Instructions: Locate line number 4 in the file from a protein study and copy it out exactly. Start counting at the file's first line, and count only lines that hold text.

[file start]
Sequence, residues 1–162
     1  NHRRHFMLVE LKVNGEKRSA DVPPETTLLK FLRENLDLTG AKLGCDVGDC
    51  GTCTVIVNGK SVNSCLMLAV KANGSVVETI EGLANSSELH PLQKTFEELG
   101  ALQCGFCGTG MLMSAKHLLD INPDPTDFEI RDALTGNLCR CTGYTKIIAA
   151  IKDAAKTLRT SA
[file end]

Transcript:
   101  ALQCGFCGTG MLMSAKHLLD INPDPTDFEI RDALTGNLCR CTGYTKIIAA